Marshalling (computer science)

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In computer science, marshalling or marshaling is the process of transforming the memory representation of an object to a data format suitable for storage or transmission,[citation needed] and it is typically used when data must be moved between different parts of a computer program or from one program to another. Marshalling is similar to serialization and is used to communicate to remote objects with an object, in this case a serialized object. It simplifies complex communication, using composite objects in order to communicate instead of primitives. The inverse of marshalling is called unmarshalling (or demarshalling, similar to deserialization).


Marshalling is used within implementations of different remote procedure call (RPC) mechanisms, where it is necessary to transport data between processes and/or between threads. In Microsoft's Component Object Model (COM), interface pointers must be marshalled when crossing COM apartment boundaries.[1][2] In the .NET Framework, the conversion between an unmanaged type and a CLR type, as in the P/Invoke process, is also an example of an action that requires marshalling to take place.[3]

Additionally, marshalling is used extensively within scripts and applications that use the XPCOM technologies provided within the Mozilla application framework. The Mozilla Firefox browser is a popular application built with this framework, that additionally allows scripting languages to use XPCOM through XPConnect (Cross-Platform Connect).


In the Microsoft Windows family of operating systems the entire set of device drivers for Direct3D are kernel-mode drivers. The user-mode portion of the API is handled by the DirectX runtime provided by Microsoft.

This is an issue because calling kernel-mode operations from user-mode requires performing a system call, and this inevitably forces the CPU to switch to "kernel mode". This is a slow operation, taking on the order of microseconds to complete.[4] During this time, the CPU is unable to perform any operations. As such, minimizing the number of times this switching operation must be performed would optimize performance to a substantive degree.

Linux OpenGL drivers are split in two: a kernel-driver and a user-space driver. The user-space driver does all the translation of OpenGL commands into machine code to be submitted to the GPU. To reduce the number of system calls, the user-space driver implements marshalling. If the GPU's command buffer is full of rendering data, the API could simply store the requested rendering call in a temporary buffer and, when the command buffer is close to being empty, it can perform a switch to kernel-mode and add a number of stored commands all at once.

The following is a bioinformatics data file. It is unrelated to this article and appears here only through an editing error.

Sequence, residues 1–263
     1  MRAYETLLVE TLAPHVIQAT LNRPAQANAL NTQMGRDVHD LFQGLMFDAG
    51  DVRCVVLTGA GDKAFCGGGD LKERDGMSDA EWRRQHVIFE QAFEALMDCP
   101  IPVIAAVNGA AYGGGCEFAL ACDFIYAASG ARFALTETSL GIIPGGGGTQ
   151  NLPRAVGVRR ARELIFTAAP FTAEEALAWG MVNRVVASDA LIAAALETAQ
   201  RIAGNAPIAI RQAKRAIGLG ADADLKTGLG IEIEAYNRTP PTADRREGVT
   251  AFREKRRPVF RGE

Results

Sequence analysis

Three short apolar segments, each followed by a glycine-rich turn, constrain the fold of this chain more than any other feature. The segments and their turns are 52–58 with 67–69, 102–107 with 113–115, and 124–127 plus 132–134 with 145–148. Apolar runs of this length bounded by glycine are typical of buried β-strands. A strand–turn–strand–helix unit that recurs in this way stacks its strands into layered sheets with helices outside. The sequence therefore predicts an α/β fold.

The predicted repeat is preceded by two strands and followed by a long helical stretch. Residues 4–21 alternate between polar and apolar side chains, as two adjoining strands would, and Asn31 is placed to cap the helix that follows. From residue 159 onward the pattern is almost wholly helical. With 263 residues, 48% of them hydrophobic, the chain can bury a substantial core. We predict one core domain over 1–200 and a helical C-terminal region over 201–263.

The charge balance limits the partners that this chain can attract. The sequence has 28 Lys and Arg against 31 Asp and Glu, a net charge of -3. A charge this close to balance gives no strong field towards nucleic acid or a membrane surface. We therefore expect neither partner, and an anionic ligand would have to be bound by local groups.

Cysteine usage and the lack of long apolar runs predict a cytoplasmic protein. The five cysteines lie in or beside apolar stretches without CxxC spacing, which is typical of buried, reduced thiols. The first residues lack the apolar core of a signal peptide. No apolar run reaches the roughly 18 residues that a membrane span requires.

Comparison with serialization[edit]

To "serialize" an object means to convert its state into a byte stream in such a way that the byte stream can be converted back into a copy of the object.

The term "marshal" is used for a specific type of "serialization" in the Python standard library[5] - storing internal python objects:

The marshal module exists mainly to support reading and writing the “pseudo-compiled” code for Python modules of .pyc files.


If you’re serializing and de-serializing Python objects, use the pickle module instead

— The Python Standard Library[6]

In the Java-related RFC 2713, marshalling is used when serialising objects for remote invocation:

To "marshal" an object means to record its state and codebase(s) in such a way that when the marshalled object is "unmarshalled," a copy of the original object is obtained, possibly by automatically loading the class definitions of the object. You can marshal any object that is serializable or remote (that is, implements the java.rmi.Remote interface). Marshalling is like serialization, except marshalling also records codebases. Marshalling is different from serialization in that marshalling treats remote objects specially.


Any object whose methods can be invoked [on an object in another Java virtual machine] must implement the java.rmi.Remote interface. When such an object is invoked, its arguments are marshalled and sent from the local virtual machine to the remote one,